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Demolition of the Judengasse

By the end of the 1880s the Judengasse had been demolished. Except for the house Grünes Schild, the family home of the Rothschilds which was preserved as a museum, the last old houses were torn down. While the northern part of the Judengasse had already been rebuilt in more spacious style after the destruction by the French Revolutionary troops in 1796, the cramped and dilapidated houses in the southern part were pulled down between 1840 and 1887 as part of an early urban renewal programme. In 1885 the Judengasse was renamed Börnestraße after the wellknown poet Börne, who was born in the Judengasse in 1786. Although the Frankfurt Jews were free to live anywhere in the city, intermittently at least from 1811 and finally from 1824, the old part of the Judengasse or Börnestraße and its immediate surroundings still remained a popular area to live for less wealthy Frankfurt Jews. This quarter also continued to house most of the facilities of the Jewish community. From the mid19th century many prosperous Jewish citizens moved to the highly respectable Westend quarter.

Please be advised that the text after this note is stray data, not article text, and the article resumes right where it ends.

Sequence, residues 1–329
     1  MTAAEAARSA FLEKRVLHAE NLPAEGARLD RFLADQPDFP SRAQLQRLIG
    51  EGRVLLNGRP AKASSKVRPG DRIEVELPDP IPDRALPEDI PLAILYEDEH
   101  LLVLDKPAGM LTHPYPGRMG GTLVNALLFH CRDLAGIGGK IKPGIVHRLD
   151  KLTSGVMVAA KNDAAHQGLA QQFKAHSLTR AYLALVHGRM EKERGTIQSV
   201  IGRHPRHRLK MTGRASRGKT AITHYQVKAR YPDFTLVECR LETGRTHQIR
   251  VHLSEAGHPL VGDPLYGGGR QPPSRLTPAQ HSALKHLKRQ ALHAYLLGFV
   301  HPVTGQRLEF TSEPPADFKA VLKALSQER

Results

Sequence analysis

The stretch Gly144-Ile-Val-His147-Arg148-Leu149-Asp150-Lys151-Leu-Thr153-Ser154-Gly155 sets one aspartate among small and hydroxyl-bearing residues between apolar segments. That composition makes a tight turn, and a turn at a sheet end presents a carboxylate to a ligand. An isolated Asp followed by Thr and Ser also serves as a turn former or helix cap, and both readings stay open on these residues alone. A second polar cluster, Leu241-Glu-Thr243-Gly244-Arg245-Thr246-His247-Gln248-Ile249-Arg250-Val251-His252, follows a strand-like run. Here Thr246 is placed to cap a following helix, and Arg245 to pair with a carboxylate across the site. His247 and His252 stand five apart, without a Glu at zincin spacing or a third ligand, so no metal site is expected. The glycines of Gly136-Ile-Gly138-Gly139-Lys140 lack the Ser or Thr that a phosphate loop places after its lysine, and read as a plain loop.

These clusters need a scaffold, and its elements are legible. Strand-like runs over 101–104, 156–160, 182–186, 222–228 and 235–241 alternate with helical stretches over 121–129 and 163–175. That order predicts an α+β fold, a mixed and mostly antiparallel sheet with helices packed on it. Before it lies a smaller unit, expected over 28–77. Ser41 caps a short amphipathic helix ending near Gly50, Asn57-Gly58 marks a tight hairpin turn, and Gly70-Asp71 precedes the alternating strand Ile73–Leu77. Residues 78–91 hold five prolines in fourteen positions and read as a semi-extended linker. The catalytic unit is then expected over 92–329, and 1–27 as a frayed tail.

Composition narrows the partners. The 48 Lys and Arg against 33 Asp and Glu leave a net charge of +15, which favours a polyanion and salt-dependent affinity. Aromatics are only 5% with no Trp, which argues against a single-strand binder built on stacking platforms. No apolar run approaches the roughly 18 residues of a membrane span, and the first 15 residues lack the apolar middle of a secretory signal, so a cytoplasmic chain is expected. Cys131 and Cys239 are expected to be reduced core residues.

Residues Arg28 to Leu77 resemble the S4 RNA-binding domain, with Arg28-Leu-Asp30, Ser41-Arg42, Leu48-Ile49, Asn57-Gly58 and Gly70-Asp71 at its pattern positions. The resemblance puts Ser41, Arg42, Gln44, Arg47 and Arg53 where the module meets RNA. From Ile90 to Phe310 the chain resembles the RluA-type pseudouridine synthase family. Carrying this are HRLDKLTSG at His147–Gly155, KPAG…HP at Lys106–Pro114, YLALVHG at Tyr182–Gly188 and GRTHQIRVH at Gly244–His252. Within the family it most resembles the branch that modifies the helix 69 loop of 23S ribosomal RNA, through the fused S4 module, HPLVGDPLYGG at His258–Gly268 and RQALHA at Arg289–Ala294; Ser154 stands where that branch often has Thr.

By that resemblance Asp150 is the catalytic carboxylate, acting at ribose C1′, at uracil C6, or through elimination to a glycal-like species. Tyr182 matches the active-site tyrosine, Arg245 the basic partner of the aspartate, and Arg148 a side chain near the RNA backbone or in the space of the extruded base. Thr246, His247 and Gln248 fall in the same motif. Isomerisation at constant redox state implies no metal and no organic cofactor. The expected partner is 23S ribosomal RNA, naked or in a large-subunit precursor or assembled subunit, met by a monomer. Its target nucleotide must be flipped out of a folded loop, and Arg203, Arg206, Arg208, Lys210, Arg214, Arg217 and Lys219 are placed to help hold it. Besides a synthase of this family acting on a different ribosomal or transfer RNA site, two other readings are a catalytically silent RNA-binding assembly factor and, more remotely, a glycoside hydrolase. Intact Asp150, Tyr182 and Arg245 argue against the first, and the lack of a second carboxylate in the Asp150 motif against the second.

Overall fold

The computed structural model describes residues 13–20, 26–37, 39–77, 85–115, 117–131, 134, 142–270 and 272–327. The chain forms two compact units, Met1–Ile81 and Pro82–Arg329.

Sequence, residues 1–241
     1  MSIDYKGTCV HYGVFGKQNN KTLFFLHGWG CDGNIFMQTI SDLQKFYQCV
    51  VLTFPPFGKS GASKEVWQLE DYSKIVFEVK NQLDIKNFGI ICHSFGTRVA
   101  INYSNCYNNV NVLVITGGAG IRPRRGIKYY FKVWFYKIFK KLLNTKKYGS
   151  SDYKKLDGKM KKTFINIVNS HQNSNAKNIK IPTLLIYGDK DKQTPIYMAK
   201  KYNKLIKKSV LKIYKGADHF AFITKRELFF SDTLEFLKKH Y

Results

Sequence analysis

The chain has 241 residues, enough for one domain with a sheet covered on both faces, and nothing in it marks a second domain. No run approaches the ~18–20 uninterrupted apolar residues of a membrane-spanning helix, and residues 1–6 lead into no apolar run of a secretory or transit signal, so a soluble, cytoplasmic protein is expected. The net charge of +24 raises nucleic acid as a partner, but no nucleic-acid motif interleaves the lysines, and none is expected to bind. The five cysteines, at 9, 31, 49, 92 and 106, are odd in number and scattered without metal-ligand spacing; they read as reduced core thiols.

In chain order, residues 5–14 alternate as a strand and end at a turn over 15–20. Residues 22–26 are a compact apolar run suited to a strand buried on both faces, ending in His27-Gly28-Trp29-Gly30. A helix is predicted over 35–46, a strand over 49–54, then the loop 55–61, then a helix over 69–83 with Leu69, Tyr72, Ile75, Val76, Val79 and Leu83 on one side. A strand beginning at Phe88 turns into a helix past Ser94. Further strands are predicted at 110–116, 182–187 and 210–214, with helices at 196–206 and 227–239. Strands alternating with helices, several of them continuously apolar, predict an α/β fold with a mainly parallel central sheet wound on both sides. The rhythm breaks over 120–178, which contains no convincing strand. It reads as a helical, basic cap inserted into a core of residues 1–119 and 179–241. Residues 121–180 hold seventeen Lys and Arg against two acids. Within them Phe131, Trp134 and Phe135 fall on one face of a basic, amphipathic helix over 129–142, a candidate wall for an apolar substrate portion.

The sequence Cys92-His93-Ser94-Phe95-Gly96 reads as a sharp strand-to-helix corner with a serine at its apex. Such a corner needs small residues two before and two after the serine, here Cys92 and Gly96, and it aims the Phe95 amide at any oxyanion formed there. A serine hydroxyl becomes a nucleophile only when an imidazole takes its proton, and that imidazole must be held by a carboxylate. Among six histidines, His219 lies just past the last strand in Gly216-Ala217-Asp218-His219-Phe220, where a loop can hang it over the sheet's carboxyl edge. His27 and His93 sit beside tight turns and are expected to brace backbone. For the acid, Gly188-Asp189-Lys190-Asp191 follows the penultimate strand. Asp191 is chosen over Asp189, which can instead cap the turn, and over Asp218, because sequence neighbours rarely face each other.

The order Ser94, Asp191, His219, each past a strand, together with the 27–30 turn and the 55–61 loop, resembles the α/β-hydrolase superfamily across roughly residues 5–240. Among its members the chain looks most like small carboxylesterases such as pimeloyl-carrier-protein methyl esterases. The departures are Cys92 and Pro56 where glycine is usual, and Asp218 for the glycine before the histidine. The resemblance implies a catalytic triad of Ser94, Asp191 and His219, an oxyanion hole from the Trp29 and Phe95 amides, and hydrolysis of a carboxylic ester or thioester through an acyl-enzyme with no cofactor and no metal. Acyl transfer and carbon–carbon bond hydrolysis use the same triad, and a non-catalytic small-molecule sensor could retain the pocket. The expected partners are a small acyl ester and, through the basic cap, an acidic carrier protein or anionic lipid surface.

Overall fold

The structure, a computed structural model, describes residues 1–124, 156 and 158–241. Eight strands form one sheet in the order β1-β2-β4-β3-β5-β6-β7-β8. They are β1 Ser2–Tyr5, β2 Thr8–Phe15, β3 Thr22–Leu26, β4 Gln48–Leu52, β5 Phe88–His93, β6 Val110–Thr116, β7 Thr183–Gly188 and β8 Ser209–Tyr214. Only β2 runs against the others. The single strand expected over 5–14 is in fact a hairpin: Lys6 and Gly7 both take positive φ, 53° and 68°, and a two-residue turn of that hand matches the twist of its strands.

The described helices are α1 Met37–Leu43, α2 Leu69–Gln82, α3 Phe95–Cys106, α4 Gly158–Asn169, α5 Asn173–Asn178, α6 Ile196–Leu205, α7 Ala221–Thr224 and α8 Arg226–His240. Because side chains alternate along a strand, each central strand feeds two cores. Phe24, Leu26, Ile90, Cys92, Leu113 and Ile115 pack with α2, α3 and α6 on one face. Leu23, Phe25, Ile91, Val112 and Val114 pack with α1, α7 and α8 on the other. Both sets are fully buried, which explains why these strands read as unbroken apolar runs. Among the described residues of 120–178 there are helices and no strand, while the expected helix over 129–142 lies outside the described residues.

© Jüd. Museum Frankfurt 1992-2002 /  Sources